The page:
I broke my front tooth a few days ago. How? Well, how do you think I did it, given that I live in a ski resort, I love the half pipe on my snowboard, I prefer to attack moguls on my alpine skis, and I’m only just getting the hang of telemarking. Any of these would provide a great story to accompany the stitches in my lip and the jagged tooth I picked up after my accident.
Actually, I tripped over the shoelace of my snowboard boot in a car park and landed on my face. Yep. I hadn’t even touched the snow before my day was done.
My lip needed two stitches according to the doctor who looked, and acted, about ten years old. He started by ousting my friend from the room, then he sprayed some sort of numbing spray on my lip and said: “Just let me know if you can feel anything and I’ll give you an injection instead.” I’m not sure which bit of “ARGGHHHHH” the doctor didn’t understand while he pushed the needle through for the first stitch, then continued to pull the string through. Instead, he said: “Oh, that’s not very good because you moved: I’ll have to do it again” and pulled the entire length of string back through, which snagged on my flesh and stung every millimetre of the way back out. He did give me the injection after this, but he really couldn’t have made my experience much worse. After Doctor Pain’s actions, I was prepared for some sort of hell at the dental surgery.
But wait, I have to wind back a bit here, because the first person to help me when I tripped over was actually a dentist. He found my tooth, prevented me from fainting, and gave my friend the number of a good dental sculpter friend of his. His wife handed me tissues to sop up the blood spurting out of my lip. As my friend went to make the call to the dentist here in La Clusaz for some emergency patch-up work, a skier walking past stopped and said: “My dad is the dentist here, but he’ll be at lunch now. The appointment was arranged for me while I tried to slow the fountain of blood from my lip. So, that’s two dental connections in the car park alone. While I mourned the breakage of my otherwise strong and previously presentable teeth, I did feel a lot of gratitude for all these lovely people who had stopped to help, and I was just lucky that they had suitable dental knowledge. Okay, we can fast forward to the dental surgery now.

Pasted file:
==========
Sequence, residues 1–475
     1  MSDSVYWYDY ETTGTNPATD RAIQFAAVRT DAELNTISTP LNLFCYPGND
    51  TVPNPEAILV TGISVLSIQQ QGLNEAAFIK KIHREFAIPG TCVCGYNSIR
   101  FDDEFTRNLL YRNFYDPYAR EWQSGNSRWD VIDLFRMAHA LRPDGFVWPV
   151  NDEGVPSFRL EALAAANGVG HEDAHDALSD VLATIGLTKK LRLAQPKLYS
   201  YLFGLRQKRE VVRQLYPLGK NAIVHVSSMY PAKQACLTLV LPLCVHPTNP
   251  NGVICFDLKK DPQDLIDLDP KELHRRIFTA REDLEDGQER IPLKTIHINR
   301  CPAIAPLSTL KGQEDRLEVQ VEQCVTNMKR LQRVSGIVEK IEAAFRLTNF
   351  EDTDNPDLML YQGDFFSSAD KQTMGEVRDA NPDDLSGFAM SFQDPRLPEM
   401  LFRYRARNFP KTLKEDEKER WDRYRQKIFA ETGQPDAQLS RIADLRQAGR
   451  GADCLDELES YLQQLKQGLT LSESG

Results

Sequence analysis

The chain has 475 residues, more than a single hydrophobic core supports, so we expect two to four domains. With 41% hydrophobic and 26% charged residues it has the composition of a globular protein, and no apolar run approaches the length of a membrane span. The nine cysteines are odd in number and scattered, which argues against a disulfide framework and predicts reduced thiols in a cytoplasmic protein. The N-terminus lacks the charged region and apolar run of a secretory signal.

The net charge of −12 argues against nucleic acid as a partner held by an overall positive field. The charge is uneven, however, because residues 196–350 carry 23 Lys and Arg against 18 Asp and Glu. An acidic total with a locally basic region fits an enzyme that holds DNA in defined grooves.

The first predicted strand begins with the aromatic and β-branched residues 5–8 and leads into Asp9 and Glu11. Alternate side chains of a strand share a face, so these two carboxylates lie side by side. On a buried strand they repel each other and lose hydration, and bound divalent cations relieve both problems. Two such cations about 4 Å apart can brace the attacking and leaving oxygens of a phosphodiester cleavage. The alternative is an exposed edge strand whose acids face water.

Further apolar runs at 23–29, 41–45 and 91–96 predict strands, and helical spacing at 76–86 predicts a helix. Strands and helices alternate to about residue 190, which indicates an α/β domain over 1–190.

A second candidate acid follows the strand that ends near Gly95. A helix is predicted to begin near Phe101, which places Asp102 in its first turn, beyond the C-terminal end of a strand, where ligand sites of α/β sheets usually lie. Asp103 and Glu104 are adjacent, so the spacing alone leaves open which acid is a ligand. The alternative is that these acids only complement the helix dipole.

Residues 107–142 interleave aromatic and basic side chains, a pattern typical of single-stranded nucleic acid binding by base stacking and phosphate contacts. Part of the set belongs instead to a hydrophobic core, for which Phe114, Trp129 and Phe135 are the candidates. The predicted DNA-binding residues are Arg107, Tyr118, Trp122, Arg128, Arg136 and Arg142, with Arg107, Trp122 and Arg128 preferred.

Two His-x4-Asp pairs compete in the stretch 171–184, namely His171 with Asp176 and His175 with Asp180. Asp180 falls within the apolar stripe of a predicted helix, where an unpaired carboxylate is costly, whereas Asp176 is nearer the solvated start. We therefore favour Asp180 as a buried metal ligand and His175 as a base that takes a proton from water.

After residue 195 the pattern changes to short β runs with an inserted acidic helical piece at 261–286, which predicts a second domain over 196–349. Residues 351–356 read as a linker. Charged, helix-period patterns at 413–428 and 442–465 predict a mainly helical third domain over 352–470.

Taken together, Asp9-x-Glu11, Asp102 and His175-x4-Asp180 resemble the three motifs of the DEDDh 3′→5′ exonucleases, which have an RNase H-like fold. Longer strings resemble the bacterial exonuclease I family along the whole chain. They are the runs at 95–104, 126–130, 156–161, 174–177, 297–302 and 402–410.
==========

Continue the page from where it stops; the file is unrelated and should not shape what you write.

So, a few hours after the trauma of Doctor Pain and a stitched, swollen lip, I headed to the dental surgery. I have never met a nicer dentist than this man. Well, the one in the car park was pretty nice too, but of all the dentists who have worked on my teeth in various countries, this one was definitely the nicest. While he sculpted a new, improved-shape front tooth for me, we had a chat about a different son of his, who I know to look at, but who I don’t know personally. But this is the joy of living in a village. He knew the (only) other Australians in town, and we found common ground. I explained (with a numb tongue and probably lots of saliva) that I was still waiting for my Carte Vitale (as described just a few days ago, here), and he was very sympathetic and charged me less than he could have. In fact, he charged me less for sculpting a new front tooth than Doctor Pain charged me for stitching me up and splashing some Betadine around.
I would love to have my old front tooth back, but if I were to use a cheesy wedding speech cliché: “On this day, I don’t feel like I’ve lost a tooth. Instead, I’ve gained a dentist.”